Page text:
A spider spun a web between the branch of a tree and Farmer Brown’s barn. Now and then a leaf would fall into the web and tear it, and the spider would cut the silken strands attached to the leaf, and let the leaf drop to the ground. It would mend the web and return to its position in the centre, and wait.
It caught the occasional insect and lived.
Another spider nearby spun its web in the barn’s rafters. An owl lived in the barn, and every night it would take flight from the rafters in its search to find food. As it did so its wings would tear the spider’s web. The spider would mend the web, but it had a lot of mending to do. It used a lot of its silk, and it caught fewer insects. Over the weeks it starved, and died.
When I say, ‘don’t snipe’, I’m not suggesting you avoid shooting someone from a concealed position. I am suggesting you refrain from verbally attacking a loved one with petty insults.
Don’t snipe. Don’t tease. Don’t put someone down. Don’t be sarcastic. Don’t display contempt or disdain. Don’t nit-pick. Don’t punish someone with words.
If you do, retract it immediately. Don’t brush it off by saying, ‘I was only joking’. Instead, retract the comment and apologise.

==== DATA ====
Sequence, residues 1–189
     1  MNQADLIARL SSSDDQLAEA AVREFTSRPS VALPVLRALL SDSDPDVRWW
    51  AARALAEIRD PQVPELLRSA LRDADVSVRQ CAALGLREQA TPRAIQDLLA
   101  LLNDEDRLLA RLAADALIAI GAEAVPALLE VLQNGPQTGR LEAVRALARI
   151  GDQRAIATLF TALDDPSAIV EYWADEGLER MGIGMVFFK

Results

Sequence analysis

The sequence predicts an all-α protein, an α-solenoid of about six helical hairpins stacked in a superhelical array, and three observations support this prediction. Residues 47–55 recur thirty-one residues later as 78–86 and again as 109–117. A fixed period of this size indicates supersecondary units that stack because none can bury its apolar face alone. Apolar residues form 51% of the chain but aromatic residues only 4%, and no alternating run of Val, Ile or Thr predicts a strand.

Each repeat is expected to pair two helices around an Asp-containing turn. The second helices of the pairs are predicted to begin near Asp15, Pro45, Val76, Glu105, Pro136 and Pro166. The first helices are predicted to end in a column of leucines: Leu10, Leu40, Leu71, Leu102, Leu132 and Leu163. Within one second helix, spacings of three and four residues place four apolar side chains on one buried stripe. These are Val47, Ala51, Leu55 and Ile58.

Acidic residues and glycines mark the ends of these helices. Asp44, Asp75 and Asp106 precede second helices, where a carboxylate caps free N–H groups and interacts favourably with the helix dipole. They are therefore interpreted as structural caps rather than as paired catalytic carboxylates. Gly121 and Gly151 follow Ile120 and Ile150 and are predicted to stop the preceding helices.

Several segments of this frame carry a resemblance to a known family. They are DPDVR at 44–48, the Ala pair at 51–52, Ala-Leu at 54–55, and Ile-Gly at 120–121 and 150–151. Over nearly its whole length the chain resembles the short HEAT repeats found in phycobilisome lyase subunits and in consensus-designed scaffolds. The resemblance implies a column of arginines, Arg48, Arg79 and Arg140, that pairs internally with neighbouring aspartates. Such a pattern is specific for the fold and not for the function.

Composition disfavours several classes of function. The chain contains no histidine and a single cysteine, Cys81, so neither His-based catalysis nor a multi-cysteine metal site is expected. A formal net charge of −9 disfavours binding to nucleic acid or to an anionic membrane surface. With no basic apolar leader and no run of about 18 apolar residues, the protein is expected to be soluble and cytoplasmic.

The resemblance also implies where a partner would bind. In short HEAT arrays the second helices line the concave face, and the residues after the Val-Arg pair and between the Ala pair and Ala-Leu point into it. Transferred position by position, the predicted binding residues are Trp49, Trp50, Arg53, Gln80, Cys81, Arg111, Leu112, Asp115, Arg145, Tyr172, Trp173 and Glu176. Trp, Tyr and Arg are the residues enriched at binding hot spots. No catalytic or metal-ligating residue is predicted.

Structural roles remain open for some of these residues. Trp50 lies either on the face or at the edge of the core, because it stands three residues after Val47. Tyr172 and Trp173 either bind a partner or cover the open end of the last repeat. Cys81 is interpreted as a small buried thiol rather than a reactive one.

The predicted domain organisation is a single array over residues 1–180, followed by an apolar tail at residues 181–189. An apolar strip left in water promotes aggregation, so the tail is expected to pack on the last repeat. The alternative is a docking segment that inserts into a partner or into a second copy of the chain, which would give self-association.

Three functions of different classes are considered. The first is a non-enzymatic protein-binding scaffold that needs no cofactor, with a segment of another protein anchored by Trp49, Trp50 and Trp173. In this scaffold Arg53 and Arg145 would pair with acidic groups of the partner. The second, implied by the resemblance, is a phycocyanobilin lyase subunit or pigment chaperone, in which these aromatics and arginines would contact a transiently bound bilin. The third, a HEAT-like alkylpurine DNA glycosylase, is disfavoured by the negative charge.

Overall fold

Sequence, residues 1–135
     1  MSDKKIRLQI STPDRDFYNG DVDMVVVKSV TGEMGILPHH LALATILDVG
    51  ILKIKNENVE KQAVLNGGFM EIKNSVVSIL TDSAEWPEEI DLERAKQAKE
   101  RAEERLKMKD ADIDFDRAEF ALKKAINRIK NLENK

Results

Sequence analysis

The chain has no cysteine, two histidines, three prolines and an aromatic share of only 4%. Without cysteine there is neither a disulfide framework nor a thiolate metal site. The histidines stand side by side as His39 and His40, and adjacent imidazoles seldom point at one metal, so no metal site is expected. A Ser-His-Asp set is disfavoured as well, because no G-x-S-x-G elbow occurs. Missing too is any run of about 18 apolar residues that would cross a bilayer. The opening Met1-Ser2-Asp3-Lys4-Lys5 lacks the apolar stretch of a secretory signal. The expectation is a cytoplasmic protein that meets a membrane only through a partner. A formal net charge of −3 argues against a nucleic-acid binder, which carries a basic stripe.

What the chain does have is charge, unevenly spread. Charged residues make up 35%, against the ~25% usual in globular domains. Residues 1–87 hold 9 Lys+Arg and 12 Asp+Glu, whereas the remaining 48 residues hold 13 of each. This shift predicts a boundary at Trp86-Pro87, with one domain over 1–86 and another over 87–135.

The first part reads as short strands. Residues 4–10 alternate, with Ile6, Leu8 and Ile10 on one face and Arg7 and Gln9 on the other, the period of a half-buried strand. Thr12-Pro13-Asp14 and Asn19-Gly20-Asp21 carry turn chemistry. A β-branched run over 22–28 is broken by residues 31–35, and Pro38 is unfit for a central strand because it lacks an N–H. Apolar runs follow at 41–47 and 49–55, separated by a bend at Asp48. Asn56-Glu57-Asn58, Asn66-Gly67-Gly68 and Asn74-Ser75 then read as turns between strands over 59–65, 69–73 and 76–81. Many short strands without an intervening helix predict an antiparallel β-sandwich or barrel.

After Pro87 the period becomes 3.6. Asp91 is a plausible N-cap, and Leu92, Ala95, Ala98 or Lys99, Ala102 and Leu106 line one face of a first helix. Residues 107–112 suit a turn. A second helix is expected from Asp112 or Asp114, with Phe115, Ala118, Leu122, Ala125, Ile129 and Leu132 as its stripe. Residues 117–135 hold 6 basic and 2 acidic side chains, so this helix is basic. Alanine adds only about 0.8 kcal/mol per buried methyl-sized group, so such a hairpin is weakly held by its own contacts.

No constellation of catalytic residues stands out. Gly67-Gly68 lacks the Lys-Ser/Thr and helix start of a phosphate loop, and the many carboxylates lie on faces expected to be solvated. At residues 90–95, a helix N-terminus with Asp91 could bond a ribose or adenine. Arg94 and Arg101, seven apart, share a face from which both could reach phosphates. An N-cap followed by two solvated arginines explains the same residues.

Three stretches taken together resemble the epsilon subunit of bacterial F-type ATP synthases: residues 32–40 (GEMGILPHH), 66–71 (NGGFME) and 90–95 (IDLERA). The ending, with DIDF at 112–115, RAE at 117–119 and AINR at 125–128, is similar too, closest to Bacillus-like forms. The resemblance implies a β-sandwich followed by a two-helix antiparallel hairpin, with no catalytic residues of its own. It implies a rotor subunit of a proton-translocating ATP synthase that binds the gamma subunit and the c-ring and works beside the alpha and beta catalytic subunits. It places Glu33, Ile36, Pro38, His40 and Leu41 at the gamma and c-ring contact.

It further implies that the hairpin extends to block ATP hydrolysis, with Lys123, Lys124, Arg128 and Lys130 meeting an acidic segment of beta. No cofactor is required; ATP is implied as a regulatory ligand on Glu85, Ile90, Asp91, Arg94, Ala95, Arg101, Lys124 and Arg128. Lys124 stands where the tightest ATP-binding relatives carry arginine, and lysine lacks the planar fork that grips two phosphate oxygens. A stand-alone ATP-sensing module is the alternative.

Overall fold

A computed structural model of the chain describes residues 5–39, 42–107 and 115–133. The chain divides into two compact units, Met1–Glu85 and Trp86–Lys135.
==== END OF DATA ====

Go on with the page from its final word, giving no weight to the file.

Snipers are angry people who could look into themselves to discover what they are angry about, and then deal with it.
If you find yourself sniping at your friend or spouse, ask yourself why? Do you resent that person? Are you angry with them? What’s going on?
Discover what the problem is, and address it. That’s taking responsibility.
Every time we snipe at someone we cut one of the silken strands binding us to them. We sever a connection with them. If the relationship is an otherwise healthy one, in which there is nurturing and support, we can then repair the break and keep going. Our ‘web’ is not as strong as it could be, but it’s enough.
But why make work for ourselves?
If we snipe too often and sever too many silken strands, both we and our partner can lose heart trying to repair those connections. Eventually our web is in tatters. The relationship dies.
If you want the relationship to die, sniping isn’t the way to do it. It’s weak. It’s gutless. It’s immature. Find a responsible way to address the relationship. Either fix it, or end it with dignity. Just don’t snipe.
Don’t snipe at anything you find in the world. Don’t whinge. It’s easy to find fault, and to criticise. It may even briefly make you look clever, but if you go through life looking for ways to put something down you’ll find them, and pretty soon you’ll find yourself living in a world that you perceive to be universally defective. You won’t enjoy living in a world like that.
When you look for the good aspects of people, and of life, you’ll find them. And then you will find yourself living in a world in which people appreciate your company. It’s a world you’ll like.
In short, don’t snipe. Do the opposite. Get into the habit of giving at least one genuine compliment a day.
If you do snipe in any way, retract it immediately and apologise.